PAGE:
The Urban Studio is a unique interdisciplinary academic initiative undertaken to address urban issues that challenge the quality of life in cities, more particularly informal settlement. The planning studio endeavors to engage the community in an urban problem solving effort. Through an initiative of the Association of Africa Planning Schools (AAPS) implemented by African Planning Schools and SDI affiliate NGOs more than 100 students in urban planning, architecture, design, anthropology, business, nursing, political science, urban geography and others have participated and partnered with urban poor communities, community based organizations on projects intended to make informal settlements more sustainable.
On the afternoon of Monday 20th of January 2014, Muungano wa Wanavijiji, Muungano Support Trust and its collaborating partner, Centre for Urban Research and Innovation teams visited Kiandutu Informal settlement, Thika to launch a joint urban community participatory studio. The studio is part of a collaboration initiative between the Slum/Shack Dwellers Association (SDI) and Association of Africa Planning Schools (AAPS) implemented by African Planning Schools and SDI affiliate NGO and community groups aimed at exploring innovative ways for slum upgrading and addressing other challenges facing the African cities.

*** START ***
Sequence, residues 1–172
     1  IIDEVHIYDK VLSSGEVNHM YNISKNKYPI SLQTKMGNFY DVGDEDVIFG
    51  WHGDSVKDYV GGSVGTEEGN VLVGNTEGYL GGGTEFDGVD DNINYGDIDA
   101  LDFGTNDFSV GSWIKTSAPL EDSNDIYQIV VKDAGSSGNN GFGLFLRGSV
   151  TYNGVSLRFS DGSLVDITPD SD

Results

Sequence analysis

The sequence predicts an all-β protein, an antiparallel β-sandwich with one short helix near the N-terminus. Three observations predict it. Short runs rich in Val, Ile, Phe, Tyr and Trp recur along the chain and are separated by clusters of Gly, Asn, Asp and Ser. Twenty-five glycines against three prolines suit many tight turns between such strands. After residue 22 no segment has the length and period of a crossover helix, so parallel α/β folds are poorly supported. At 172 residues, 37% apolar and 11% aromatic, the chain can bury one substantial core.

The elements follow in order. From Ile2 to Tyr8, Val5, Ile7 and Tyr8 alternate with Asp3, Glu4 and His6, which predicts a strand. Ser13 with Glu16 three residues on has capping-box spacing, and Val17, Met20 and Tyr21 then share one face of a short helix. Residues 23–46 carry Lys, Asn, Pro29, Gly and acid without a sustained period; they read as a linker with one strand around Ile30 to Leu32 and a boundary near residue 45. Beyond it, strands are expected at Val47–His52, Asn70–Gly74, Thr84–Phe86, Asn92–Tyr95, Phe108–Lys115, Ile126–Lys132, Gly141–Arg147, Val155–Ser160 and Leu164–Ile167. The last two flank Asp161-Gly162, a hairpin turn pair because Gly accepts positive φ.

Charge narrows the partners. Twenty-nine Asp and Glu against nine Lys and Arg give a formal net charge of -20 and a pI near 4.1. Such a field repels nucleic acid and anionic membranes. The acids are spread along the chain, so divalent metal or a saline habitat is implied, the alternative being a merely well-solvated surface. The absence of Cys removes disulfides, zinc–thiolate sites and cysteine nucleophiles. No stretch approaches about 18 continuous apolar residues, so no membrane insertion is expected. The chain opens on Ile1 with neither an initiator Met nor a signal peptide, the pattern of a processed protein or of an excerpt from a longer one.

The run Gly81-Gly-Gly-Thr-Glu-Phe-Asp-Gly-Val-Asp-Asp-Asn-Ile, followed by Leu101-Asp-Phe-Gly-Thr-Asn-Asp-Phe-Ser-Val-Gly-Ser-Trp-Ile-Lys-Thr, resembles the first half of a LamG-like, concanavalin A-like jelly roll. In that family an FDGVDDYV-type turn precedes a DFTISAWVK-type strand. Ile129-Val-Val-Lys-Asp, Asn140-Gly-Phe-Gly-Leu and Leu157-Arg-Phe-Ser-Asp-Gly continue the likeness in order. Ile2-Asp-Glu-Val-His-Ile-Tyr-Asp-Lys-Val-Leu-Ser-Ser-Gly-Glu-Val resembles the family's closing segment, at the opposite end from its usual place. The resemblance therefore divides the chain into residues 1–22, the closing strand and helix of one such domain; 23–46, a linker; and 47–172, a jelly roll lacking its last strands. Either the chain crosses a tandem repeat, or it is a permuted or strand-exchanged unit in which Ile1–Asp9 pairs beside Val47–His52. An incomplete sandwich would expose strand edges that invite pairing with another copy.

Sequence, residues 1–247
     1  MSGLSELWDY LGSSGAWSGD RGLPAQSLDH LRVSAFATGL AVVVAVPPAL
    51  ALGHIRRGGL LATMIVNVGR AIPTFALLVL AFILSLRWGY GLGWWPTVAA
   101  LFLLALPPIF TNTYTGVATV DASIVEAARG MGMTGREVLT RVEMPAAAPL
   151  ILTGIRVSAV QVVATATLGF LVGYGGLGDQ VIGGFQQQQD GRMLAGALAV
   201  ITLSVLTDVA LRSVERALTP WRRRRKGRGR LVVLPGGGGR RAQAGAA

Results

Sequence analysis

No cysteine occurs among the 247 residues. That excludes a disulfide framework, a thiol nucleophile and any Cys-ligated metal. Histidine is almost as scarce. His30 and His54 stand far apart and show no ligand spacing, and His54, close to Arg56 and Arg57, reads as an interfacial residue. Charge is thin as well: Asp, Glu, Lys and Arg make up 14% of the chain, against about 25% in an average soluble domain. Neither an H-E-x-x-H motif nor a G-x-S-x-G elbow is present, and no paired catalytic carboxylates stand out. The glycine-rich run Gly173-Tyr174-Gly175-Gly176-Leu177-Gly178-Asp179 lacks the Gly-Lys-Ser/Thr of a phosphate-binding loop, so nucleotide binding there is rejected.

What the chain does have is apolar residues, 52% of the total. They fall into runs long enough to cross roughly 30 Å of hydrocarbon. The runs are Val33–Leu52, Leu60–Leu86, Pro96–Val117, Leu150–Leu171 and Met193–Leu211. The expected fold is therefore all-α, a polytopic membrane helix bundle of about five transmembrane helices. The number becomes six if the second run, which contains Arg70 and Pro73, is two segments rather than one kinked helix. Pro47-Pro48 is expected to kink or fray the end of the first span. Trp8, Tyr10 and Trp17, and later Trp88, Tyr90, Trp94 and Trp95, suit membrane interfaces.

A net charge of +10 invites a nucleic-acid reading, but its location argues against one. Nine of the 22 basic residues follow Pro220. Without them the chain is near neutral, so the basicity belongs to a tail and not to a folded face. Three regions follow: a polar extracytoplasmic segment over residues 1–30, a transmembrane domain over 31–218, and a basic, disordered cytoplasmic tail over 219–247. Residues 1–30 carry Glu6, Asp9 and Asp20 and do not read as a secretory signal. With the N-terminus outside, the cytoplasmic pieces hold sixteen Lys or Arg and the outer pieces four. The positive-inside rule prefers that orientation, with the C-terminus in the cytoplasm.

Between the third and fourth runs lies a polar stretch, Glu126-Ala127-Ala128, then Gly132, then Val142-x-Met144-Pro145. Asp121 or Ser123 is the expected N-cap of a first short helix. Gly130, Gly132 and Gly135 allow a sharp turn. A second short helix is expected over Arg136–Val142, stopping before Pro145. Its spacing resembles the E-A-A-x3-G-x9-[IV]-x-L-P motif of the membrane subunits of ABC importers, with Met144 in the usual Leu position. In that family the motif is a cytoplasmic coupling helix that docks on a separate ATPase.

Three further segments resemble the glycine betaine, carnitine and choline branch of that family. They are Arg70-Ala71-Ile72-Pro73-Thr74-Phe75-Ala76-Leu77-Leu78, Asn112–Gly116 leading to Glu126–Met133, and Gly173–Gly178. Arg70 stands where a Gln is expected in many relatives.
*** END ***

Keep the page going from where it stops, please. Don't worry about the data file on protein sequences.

Kiandutu Informal settlement is among the largest informal settlements in Kenya and arguably the largest informal settlement located outside Nairobi City. It lies within Thika municipality, now under the Kiambu County Government, and to a regional context within the Nairobi metro region. The settlement is expansive, occupying an estimated 100 acres of land and with a population of about 24,000 people and 8,000 households (Muungano wa Wanavijiji Enumeration report). This is one of the targets informal settlements in Kenya’s major towns that the Kenya Federation of the Urban poor (Muungano wa Wanavijiji), MuST has prioritized for upgrading through infrastructure, security of land tenure and housing. This settlement is further clustered into 10 No. clusters (Mtatu 1 & 2, Mukinduri, Biashara, Stage Wariah, Kianjau, Molo, Mosque, Centre Base A & B). These clusters display a unique socio-economic and spatial dynamics but generally there is a high level of heterogeneity throughout the entire settlement. These clusters have emerged gradually through the organic growth of the settlement over time